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Fiscal Discriminations in Three Wars

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  • George J. Hall
  • Thomas J. Sargent

Abstract

In 1790, a U.S. paper dollar was widely held in disrepute (something shoddy was not ‘worth a Continental’). By 1879, a U.S. paper dollar had become ‘as good as gold.’ These outcomes emerged from how the U.S. federal government financed three wars: the American Revolution, the War of 1812, and the Civil War. In the beginning, the U.S. government discriminated greatly in the returns it paid to different classes of creditors; but that pattern of discrimination diminished over time in ways that eventually rehabilitated the reputation of federal paper money as a store of value.

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Paper provided by National Bureau of Economic Research, Inc in its series NBER Working Papers with number 19008.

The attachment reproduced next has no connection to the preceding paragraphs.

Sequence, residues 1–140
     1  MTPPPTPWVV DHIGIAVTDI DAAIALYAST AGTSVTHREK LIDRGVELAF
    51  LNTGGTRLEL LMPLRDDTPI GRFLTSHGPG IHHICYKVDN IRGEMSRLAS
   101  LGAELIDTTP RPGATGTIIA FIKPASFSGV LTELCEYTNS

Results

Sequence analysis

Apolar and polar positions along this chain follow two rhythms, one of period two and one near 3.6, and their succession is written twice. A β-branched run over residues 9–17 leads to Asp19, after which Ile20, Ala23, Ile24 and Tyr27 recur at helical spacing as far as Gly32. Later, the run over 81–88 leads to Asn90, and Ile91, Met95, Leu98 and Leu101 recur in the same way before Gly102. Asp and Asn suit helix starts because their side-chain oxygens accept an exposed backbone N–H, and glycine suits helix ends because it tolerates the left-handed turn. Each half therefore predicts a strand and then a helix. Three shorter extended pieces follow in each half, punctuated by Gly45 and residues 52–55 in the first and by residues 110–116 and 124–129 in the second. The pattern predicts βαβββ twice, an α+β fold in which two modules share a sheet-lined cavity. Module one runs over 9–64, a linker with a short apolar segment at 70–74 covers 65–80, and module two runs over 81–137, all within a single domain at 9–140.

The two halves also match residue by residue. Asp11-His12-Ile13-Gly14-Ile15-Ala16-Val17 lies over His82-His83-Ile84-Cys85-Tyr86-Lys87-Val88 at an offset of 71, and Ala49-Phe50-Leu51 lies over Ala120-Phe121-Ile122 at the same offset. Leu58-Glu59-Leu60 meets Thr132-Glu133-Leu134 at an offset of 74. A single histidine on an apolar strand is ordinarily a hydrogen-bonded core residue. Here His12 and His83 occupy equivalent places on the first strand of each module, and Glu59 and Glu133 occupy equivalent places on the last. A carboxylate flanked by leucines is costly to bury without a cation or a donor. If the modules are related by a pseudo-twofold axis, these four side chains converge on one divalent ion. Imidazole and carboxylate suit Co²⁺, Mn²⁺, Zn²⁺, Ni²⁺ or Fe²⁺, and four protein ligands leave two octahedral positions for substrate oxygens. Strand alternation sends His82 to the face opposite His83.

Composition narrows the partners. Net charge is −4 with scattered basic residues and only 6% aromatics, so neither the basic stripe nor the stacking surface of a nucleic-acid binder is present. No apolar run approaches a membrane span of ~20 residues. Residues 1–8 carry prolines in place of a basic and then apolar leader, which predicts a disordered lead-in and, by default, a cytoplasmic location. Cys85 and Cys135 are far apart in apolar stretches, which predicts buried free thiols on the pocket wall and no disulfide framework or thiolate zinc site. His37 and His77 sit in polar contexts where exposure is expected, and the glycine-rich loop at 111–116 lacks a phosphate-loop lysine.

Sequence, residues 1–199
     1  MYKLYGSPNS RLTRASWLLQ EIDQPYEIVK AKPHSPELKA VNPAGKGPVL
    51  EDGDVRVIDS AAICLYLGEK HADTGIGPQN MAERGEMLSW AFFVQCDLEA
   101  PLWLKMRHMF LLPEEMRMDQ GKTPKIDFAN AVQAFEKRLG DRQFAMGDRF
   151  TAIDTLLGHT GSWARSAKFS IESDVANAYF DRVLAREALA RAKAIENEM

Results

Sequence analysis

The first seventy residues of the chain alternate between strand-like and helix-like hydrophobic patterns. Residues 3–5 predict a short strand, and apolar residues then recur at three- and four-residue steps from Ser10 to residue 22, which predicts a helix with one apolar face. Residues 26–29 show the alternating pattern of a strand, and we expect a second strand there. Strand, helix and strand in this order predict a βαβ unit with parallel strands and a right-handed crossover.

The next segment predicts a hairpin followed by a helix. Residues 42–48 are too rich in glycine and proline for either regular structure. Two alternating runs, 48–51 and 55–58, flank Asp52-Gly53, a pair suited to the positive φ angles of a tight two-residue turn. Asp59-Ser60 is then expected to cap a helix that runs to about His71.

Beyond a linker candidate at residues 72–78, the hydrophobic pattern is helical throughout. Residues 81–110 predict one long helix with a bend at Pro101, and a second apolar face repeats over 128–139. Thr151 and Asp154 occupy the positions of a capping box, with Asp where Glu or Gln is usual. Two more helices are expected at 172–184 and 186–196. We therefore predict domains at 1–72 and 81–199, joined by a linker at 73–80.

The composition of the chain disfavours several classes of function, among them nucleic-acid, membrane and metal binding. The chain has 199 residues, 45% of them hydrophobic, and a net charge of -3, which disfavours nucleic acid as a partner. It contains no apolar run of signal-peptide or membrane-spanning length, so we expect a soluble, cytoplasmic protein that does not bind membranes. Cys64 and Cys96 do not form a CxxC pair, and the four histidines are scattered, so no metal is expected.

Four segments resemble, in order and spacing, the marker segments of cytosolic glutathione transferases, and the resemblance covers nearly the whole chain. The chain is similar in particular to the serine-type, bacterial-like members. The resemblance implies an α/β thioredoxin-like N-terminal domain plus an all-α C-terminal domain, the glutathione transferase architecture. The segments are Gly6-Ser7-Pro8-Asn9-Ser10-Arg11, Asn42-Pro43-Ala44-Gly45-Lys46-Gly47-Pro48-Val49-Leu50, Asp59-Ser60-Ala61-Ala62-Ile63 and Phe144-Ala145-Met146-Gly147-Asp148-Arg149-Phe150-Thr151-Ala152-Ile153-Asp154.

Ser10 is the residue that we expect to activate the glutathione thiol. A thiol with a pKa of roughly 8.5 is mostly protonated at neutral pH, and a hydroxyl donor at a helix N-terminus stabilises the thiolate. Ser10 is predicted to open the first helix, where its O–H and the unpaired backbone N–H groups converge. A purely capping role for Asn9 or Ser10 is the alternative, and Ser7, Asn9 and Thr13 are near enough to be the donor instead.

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Date of creation: May 2013
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Publication status: published as Hall, George J. & Sargent, Thomas J., 2014. "Fiscal discriminations in three wars," Journal of Monetary Economics, Elsevier, vol. 61(C), pages 148-166.
Handle: RePEc:nbr:nberwo:19008

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Blog mentions

As found by EconAcademics.org, the blog aggregator for Economics research:
  1. Hall and Sargent: Fiscal Prioritization: Lessons from Three Wars
    by Mark Thoma in Economist's View on 2013-05-18 17:49:18

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